European Child & Adolescent Psychiatry

, Volume 17, Issue 5, pp 274–282

Affect dysregulation in cannabis abusers

A study in adolescents and young adults

Authors

    • Laboratory of Clinical Psychopathology and NeuropsychologyParis Descartes University, Institut Henri Piéron
  • Sylvie Berthoz
    • Department of Psychiatry for Adolescents and Young Adults, Institut Mutualiste MontsourisUniv. Paris-Sud and Paris Descartes Universities, Inserm U669
  • Olivier Phan
    • Department of Psychiatry for Adolescents and Young Adults, Institut Mutualiste MontsourisUniv. Paris-Sud and Paris Descartes Universities, Inserm U669
  • Maurice Corcos
    • Department of Psychiatry for Adolescents and Young Adults, Institut Mutualiste MontsourisUniv. Paris-Sud and Paris Descartes Universities, Inserm U669
  • Catherine Bungener
    • Laboratory of Clinical Psychopathology and NeuropsychologyParis Descartes University, Institut Henri Piéron
ORIGINAL CONTRIBUTION

DOI: 10.1007/s00787-007-0663-7

Cite this article as:
Dorard, G., Berthoz, S., Phan, O. et al. Eur Child Adolesc Psychiatry (2008) 17: 274. doi:10.1007/s00787-007-0663-7

Abstract

Psychiatric comorbidity and impaired emotional functioning have been previously reported in adult substance abusers but have been less well documented in adolescents. Thus, we investigated mental health problems and emotion regulation abilities in adolescents and young adults with cannabis dependence. Moreover, we explored the relationships between consumption modalities and affective style. Therefore, 32 cannabis abusers (CA) and 30 healthy controls completed a battery of self-reports measuring depression (BDI-13), anxiety (STAI-Y), alexithymia (TAS20; BVAQ-B), anhedonia (PAS; SAS), and sensation seeking (SSS). The MINI was administered to evaluate cannabis dependence and axis I DSM-IV comorbid diagnoses. A semi-structured clinical interview was given to determine psychoactive substance use. Statistical analyses revealed that more than half of the CA reported at least one other non-drug or alcohol comorbid diagnosis. The most common were mood and anxiety disorders. CA subjects scored significantly higher on all affective dimensions except alexithymia total scores; however, they had greater scores for the two subscales measuring the difficulties in identifying feelings. Logistic regressions demonstrated that CA subjects were more likely to experience high levels of trait anxiety, physical anhedonia and sensation seeking than the controls. Various correlations were observed between the affective scores and the substance considered. The amount of substance use and, particularly, the prevalence of polydrug use we observed are alarming. This study demonstrates that cannabis dependence in adolescents and young adults is related to a great psychological distress and specific emotional dimensions and puts emphasis on the importance of substance use prevention as early as middle school.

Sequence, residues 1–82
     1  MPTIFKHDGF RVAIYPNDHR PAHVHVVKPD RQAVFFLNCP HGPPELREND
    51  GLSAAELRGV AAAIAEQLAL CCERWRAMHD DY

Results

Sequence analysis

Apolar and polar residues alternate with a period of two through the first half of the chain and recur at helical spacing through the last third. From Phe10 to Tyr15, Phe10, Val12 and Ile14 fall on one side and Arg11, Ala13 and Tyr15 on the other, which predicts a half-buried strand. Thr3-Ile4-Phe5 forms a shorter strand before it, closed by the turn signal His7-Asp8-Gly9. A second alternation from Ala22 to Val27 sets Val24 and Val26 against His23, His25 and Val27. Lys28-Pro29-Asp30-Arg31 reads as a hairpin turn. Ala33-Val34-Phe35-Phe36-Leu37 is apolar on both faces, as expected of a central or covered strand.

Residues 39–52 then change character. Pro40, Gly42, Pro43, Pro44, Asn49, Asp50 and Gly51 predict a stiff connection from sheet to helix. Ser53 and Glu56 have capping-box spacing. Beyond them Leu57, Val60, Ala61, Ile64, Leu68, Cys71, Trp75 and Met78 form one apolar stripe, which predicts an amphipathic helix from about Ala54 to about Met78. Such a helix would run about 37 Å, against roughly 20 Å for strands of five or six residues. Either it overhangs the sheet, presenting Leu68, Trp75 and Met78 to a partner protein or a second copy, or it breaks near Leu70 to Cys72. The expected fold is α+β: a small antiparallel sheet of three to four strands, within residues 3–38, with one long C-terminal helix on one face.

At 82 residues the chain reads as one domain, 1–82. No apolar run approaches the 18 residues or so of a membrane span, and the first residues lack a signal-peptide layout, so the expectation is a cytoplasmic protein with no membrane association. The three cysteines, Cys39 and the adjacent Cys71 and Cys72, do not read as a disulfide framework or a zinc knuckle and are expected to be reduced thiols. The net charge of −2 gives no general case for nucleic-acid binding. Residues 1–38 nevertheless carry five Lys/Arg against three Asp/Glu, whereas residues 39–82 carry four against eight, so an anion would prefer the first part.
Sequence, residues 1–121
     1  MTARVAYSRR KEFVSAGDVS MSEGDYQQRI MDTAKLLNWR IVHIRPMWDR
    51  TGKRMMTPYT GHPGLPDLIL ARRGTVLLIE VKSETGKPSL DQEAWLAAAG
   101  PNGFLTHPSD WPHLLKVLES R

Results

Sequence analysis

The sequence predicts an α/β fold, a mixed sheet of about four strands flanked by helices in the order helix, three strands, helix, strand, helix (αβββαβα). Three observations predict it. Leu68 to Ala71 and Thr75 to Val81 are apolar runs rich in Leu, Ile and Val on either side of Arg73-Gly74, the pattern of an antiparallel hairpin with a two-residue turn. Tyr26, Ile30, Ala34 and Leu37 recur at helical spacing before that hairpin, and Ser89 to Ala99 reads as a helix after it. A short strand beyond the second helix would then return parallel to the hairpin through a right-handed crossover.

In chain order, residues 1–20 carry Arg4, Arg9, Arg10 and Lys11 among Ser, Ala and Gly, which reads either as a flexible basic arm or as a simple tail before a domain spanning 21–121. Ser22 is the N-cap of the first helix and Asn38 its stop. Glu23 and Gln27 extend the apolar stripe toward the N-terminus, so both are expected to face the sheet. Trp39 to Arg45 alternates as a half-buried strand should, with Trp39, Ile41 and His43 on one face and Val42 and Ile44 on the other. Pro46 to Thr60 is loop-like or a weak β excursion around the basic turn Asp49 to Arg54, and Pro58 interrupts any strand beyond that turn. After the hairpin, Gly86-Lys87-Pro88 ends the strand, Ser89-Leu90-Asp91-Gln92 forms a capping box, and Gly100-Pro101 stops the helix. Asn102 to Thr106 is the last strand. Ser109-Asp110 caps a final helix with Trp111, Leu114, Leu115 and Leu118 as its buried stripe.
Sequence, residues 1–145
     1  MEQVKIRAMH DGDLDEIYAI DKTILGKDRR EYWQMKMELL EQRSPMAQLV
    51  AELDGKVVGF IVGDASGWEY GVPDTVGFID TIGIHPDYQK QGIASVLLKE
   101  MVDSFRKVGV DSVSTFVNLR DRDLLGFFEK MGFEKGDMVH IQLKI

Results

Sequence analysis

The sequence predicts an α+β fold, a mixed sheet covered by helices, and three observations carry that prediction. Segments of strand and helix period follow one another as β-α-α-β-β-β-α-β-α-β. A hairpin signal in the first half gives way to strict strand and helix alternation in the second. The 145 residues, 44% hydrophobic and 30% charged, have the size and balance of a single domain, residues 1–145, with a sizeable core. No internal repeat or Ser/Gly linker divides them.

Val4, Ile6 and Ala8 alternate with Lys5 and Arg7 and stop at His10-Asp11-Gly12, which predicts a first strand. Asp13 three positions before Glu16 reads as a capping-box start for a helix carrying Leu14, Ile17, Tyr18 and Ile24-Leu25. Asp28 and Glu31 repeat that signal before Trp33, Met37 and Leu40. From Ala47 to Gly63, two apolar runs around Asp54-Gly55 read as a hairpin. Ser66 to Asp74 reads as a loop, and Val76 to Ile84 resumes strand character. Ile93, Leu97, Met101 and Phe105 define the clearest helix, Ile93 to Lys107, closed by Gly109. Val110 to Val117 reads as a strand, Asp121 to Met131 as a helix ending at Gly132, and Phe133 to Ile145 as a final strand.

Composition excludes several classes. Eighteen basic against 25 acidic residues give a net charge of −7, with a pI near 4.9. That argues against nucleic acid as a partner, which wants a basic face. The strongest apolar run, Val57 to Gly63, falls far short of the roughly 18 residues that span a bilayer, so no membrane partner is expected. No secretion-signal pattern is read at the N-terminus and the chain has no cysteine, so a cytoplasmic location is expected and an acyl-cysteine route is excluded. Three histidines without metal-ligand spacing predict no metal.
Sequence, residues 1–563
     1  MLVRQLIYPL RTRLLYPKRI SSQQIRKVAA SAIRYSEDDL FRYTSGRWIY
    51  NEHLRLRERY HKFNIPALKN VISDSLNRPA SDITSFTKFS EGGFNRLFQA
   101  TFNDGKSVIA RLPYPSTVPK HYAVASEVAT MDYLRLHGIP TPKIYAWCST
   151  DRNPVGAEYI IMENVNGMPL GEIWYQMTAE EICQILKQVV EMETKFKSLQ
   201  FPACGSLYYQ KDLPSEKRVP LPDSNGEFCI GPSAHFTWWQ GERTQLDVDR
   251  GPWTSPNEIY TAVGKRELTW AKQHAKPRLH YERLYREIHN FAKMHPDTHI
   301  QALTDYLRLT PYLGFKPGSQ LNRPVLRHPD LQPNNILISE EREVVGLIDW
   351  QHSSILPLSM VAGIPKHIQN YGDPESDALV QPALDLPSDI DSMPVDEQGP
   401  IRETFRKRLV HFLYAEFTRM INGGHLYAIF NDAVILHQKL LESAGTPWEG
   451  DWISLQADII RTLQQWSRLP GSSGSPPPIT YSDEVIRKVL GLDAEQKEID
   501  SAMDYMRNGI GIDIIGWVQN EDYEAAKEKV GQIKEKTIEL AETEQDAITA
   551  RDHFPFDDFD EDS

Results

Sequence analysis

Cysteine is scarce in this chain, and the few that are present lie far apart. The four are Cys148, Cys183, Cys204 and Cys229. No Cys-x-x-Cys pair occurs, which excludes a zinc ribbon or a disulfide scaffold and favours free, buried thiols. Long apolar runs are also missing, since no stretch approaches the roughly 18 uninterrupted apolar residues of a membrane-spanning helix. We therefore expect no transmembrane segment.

Keywords

adolescencesubstance use disorderscannabisemotioncomorbidity

Copyright information

© Steinkopff Verlag 2008